'My mindset is that I am trying to create just one opportunity for a bite. When you’ve put the rods out, you’ve done everything possible to your angling ability to tip the odds in your favour, to create an opportunity for a bite – that’s all you can do. If someone is in the ‘going’ swim for the weekend, so be it. If the going swim is randomly available on a Friday night, it is just a bonus. I also know that if I do blank, I will enjoy myself whatever happens, through spending time with a good bunch of lads, and nice food.'






We had a fair bit of it when we started fishing in Europe a lot... 'When are you going to start fishing for some proper UK ones again?' the conversations would often go... To be honest, it narked us, and although it didn't change how we felt about our own fishing, and we enjoyed it as much as anything we'd ever done, it was still frustrating and sometimes made it hard to ignore the idea that people didn't respect what you were doing. It really shouldn't matter what anyone thinks about how you spend your time, and what you fish for, that is one thing we've learnt over the years. But in the age of comparison, and everyone sharing everything they do, it becomes hard to ignore. Back in the day when it was all 35mm prints and no iPhones, no one knew what you were up to unless you showed them some physical prints - great days they were! Do what makes you happy, f*ck the rest. Tom is one of the most consistent, keen and confident anglers out there, no doubt about it. And there is also no doubt he has earned that over years of fishing some of the most pressured lakes in the land. We've always admired how absolutely steadfast he has remained about doing exactly what he loves, for the right reasons...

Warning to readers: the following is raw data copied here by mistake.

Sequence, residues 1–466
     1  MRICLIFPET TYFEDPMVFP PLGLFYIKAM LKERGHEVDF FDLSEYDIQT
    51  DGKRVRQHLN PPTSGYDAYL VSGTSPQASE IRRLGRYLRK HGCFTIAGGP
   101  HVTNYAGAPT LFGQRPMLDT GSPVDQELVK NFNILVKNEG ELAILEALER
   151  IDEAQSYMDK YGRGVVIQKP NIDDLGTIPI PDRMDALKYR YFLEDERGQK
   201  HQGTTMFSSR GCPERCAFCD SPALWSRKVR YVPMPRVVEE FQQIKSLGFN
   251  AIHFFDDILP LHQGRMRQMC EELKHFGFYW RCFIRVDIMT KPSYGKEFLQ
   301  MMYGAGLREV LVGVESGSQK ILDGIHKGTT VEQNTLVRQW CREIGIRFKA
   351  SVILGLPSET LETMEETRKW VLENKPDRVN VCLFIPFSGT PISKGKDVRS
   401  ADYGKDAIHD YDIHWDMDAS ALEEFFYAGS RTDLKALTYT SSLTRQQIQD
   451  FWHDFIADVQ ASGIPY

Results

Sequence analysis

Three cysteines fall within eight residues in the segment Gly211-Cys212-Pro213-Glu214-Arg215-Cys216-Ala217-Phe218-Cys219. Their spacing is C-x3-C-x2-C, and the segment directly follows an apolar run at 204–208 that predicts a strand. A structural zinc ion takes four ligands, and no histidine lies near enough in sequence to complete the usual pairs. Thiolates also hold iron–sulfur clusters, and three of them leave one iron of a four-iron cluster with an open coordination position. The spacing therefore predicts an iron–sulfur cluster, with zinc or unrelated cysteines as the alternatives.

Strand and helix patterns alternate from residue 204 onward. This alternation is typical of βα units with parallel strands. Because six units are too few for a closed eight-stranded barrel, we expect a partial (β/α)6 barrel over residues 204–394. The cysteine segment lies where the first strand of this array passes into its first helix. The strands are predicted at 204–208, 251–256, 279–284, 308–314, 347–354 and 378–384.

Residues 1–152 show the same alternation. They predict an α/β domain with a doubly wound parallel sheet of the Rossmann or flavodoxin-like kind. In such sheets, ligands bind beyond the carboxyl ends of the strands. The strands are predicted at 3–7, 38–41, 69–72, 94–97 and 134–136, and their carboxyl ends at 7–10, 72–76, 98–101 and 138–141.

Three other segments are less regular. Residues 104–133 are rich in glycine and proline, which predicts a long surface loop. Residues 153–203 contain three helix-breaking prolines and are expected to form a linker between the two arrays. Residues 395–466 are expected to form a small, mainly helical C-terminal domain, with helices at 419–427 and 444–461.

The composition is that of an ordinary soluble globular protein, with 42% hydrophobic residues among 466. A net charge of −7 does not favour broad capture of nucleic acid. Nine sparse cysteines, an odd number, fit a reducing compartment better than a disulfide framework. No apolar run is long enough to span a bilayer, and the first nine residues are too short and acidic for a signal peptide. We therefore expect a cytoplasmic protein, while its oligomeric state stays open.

'The numbers I catch will always dominate my motivation, but I’ve focused more on targeting larger carp recently, hence why I’ve done a fair bit of time on B1. No doubt the KIR brigade would dismiss them as ‘wrong-uns’, but I couldn’t care less – they give me the same buzz as any other carp would. I do what I love, without a care for other’s opinions, and to me, that’s so important in my angling. Whatever you want to fish for, wherever that may be, just enjoy it and find your own buzz that no one can take away from you. That’s the key to enjoying your fishing'




'All Or Nothing' 

We've seen it so many times over the years, especially on the pressured, difficult big carp circuit lakes... It is almost like everyones tactics get funnelled down and merge into one. Similar rigs, tactics, baits and approaches, Cashy hit the nail on the head in his interview when he talked about it. Just as Luke had opened things up on the zigs initially by taking a gamble, and going all in on something a bit different, there was potential for something else once that has started to slow down. Working out the cycle and staying ahead is perhaps one way to make a few more chances.      
'A lot of lads are too scared to try things and potentially waste their time, so you end with everyone fishing the same way. The caster thing, for example; everyone had been fishing zigs all spring and it had done about 80 bites, but by the time I got there that year it had tailed off, the hits had already happened, and lads were just nicking odd ones. I thought there had to be something, so I thought, ‘Fuck it, I’m gonna come down and stick 10 pints of caster in and see what happens’